Aesop's Fables, translated by Laura Gibbs (2002)
493. THE OLD MAN AND HIS SONS
Perry 53 (Babrius
Among the folk of days gone by, there was a very elderly gentleman who
had many sons. When he was about to reach the end of his life, the old
man asked his sons to bring to him a bundle of slender rods, if there
happened to be some lying about. One of his sons came and brought the
bundle to his father. 'Now try, with all your might, my sons, to break
these rods that have been bound together.' They were not able to do so.
The father then said, 'Now try to break them one by one.' Each rod was
easily broken. 'O my sons,' he said, 'if you are all of the same mind,
then no one can do you any harm, no matter how great his power. But if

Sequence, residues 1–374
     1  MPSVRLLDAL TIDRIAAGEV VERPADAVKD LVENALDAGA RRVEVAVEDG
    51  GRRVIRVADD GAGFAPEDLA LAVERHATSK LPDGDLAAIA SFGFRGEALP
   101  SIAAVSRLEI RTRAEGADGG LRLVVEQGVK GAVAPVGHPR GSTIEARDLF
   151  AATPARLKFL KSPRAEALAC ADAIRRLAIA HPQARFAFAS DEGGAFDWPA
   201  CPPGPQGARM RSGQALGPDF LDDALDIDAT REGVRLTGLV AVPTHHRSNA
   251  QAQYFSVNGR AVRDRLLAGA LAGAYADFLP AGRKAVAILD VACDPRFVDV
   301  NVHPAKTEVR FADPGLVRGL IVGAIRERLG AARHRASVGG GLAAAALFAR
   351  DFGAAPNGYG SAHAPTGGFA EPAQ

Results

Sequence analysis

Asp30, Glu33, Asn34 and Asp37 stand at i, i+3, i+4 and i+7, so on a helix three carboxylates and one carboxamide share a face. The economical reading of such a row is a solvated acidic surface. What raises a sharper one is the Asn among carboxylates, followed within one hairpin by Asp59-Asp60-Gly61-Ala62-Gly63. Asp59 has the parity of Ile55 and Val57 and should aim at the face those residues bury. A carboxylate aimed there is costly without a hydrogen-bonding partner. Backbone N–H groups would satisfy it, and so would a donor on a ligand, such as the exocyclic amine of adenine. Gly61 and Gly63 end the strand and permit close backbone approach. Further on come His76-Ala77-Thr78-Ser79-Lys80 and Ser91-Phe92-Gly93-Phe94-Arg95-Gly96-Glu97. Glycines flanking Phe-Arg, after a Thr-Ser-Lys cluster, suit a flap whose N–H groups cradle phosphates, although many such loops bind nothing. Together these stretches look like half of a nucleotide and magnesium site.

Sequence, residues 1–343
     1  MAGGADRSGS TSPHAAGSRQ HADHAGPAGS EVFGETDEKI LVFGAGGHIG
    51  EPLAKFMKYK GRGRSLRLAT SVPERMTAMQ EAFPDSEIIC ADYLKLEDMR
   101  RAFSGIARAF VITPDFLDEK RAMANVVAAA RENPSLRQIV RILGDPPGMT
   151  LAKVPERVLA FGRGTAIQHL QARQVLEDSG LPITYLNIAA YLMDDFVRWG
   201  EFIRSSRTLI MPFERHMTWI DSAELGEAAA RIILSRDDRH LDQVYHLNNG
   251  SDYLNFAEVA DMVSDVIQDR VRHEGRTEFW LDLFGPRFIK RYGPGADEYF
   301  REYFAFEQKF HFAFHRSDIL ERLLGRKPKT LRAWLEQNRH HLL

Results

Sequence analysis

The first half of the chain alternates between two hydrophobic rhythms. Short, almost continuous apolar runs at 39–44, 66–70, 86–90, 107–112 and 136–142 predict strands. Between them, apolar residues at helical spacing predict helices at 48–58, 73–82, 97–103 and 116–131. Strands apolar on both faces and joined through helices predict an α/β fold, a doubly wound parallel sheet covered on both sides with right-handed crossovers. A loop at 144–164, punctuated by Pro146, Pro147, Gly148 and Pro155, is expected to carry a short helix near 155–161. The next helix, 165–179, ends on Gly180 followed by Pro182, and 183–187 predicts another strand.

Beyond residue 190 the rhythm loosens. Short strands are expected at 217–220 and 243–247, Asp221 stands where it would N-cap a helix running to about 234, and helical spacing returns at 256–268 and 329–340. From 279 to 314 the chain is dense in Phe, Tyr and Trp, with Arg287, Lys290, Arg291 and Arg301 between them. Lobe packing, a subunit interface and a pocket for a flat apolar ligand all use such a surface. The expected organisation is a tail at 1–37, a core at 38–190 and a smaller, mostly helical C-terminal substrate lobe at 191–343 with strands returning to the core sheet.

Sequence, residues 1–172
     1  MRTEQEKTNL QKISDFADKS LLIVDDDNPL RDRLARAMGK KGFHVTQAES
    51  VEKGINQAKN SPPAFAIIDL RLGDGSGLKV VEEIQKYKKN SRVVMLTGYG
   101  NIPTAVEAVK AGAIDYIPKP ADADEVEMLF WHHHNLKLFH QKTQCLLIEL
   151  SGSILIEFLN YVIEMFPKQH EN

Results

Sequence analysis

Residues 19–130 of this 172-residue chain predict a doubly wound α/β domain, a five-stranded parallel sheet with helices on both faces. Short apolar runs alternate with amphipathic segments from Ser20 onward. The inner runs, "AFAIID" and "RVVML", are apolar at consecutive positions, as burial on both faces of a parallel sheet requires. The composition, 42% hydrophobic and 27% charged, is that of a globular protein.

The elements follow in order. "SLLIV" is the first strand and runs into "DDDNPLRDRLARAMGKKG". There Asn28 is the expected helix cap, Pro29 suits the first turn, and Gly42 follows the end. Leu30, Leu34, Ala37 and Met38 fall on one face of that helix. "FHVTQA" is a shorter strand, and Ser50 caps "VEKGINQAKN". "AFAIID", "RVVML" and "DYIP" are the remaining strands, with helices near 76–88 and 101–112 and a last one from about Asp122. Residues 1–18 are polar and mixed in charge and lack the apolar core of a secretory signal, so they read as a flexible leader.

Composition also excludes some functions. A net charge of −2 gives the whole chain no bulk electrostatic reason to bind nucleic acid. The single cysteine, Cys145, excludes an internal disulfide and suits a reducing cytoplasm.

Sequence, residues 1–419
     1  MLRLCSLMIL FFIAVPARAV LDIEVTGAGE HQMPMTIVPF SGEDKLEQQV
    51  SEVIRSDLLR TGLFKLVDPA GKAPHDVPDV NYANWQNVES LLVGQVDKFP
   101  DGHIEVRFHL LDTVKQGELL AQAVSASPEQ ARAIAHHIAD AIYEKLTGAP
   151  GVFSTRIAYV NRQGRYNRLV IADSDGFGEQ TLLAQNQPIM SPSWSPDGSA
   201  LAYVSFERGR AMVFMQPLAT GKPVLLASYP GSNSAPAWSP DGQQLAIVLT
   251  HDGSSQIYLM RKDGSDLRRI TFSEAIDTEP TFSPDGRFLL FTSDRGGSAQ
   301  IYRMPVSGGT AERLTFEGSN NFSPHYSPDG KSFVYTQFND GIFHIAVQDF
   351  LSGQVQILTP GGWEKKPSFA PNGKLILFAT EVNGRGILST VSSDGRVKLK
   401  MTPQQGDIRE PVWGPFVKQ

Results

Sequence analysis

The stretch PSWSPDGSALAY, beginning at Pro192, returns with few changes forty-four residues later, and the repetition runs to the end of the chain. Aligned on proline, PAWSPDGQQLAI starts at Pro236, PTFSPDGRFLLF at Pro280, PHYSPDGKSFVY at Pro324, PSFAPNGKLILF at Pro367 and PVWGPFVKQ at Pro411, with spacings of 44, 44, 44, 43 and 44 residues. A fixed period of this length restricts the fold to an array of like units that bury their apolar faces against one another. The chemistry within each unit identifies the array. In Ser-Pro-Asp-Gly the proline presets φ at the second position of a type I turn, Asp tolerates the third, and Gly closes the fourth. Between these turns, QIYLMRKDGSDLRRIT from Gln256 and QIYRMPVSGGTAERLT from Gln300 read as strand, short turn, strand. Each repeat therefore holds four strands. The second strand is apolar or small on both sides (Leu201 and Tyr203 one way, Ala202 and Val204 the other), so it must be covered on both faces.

your intentions differ from one another, then what happened to the single
rods is what will happen to each of you!'
Note: An epimythium probably added by a
later editor reads: 'Brotherly love is mankind's greatest good;
even the lowly are exalted by it.' This story was associated with a
Scythian king who supposedly shared this lesson with all eighty of his
surviving sons (see Scilurus, in Plutarch, Sayings of the Kings and
Aesop's Fables. A new translation by Laura
Oxford University Press (World's Classics): Oxford, 2002.
cover, with new ISBN, published in 2008; contents of book unchanged.